The high five is integral to the way we live and the way we interact, yet too often do we overlook its storied past.
When “Legion” gives us women with mustaches, singing, then has a character say, “Wait, were there women with mustaches, singing?” it’s lampshading at its worst.
In conversation with “Radio Boston” host Meghna Chakrabarti at Coolidge Corner Theatre, Smith investigated these three elements speaking, on everything from the topical to the abstract.
BROCKHAMPTON stress that you are valid, you have a voice, and you could be up on that stage if you wanted to.
Not all Top Fives deserve to be celebrated.
We cannot divorce “Pepper” from its reputation. So we must acquaint ourselves with its history and observe how it pushes back on the fifty years’ worth of meaning imposed on it.
Thundercat effortlessly achieves a fusion of myriad disparate elements, one that anyone could find appealing. You could play this album in the car with your parents, and they would probably bob their heads and smile.
Porridge, funneled through a decommissioned sewage pipe into your infected ear, has more charisma than the trap trio responsible for this human rights violation. The porridge makes more sense too.
Onstage at the sold-out Brattle Theater, promoting his recently released sophomore novel, “Universal Harvester,” Darnielle was comfortable and charismatic, as genial as your Midwestern uncle and as thrillingly erudite as your favorite professor.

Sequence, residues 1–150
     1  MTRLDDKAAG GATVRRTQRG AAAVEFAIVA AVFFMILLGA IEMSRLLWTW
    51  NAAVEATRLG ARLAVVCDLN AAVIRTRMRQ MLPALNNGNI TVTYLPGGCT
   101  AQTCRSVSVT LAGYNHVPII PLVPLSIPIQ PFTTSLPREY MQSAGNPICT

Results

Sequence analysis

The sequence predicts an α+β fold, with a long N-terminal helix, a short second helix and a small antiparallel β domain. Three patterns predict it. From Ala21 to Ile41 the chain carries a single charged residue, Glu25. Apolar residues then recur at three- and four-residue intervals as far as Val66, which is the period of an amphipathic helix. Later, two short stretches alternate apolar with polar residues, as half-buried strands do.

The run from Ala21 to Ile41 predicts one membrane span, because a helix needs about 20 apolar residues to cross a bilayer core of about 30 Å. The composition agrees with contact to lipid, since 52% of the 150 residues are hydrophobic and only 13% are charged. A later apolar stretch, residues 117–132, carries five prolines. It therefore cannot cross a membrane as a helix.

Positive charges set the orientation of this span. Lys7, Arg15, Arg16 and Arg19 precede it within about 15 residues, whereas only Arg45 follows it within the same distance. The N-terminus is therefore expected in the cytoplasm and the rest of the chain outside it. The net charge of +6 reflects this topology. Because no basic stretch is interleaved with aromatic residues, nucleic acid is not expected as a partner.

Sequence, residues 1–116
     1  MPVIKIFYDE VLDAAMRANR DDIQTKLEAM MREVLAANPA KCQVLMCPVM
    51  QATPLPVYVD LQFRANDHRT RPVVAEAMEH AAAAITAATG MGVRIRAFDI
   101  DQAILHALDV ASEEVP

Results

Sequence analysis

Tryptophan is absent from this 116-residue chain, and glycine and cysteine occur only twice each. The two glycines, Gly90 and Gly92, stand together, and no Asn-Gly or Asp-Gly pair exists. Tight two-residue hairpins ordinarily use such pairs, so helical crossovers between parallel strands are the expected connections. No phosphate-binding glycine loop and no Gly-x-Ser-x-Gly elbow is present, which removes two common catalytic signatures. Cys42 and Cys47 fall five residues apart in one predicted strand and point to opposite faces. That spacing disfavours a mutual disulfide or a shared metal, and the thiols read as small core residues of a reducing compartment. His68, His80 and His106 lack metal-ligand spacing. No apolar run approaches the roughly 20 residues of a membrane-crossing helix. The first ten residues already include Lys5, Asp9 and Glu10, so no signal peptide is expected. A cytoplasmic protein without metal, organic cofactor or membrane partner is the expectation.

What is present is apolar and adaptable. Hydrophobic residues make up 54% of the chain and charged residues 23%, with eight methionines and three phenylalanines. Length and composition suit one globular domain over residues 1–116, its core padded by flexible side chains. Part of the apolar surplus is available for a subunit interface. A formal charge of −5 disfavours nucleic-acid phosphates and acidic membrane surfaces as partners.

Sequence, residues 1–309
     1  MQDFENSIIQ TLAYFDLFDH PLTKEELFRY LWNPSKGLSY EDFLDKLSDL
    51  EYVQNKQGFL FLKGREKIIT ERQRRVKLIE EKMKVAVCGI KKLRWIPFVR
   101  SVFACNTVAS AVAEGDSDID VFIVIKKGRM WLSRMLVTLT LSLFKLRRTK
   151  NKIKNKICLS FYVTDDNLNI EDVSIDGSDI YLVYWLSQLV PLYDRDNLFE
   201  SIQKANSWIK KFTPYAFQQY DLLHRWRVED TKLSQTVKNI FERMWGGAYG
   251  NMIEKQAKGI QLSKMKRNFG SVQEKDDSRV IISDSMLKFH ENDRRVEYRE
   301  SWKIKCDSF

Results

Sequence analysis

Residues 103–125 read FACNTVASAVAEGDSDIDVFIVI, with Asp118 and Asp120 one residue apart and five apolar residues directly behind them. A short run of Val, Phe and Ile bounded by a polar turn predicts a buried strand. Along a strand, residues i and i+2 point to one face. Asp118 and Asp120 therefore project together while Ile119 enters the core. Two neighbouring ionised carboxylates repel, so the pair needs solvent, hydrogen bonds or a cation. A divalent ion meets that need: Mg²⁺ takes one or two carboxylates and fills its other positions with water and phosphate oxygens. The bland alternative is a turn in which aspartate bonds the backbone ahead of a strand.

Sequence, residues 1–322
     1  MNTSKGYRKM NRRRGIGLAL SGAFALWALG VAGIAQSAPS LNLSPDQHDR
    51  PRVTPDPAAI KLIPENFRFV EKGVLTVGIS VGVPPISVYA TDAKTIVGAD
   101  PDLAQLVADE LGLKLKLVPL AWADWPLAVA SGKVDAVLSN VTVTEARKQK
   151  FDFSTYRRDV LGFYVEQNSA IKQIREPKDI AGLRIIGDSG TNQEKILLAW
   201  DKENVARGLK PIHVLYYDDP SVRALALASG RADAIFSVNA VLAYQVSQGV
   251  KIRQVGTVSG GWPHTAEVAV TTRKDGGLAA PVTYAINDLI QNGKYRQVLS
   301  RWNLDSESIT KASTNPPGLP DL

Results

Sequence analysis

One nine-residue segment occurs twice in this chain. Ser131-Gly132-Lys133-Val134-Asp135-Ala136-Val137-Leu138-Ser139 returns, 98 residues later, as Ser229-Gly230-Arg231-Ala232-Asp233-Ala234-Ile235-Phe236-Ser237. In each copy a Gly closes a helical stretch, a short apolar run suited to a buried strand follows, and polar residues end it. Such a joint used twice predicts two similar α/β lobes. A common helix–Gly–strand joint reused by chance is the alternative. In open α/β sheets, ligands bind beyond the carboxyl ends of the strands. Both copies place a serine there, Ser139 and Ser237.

The feelings Mitski takes as her subject are both the most dramatic and the most universal; she deals primarily with heartbreak, unhappiness, and the quiet triumph of learning to live with both. Much of the joy of experiencing Mitski’s music, especially live, lies in hearing someone give voice to such feelings so eloquently and acutely.
Ajarae D. Coleman ’02 is an actress and entrepreneur based in Los Angeles.
Ramirez himself never fell short of captivating, bringing a presence and animal force to his set that exhausted him; he frequently wiped his face with a cloth, which sat on a nightstand beside Ramirez’s picture of “Groundhog Day”-era Bill Murray.
If the prospect of rap being overrun by mumblers fills you with anxiety, know you have GZA’s razor-sharp, lyrically peerless “Liquid Swords” to fall back on.
That single, “Lyk Dis,” is a step in the right direction. .Paak continues to behave as though there’s nothing new under the sun, rap-singing about morning sex and milking the subject for all its worth. Yet he brings a sense of melody that only appeared in glimmers on “Suede.”
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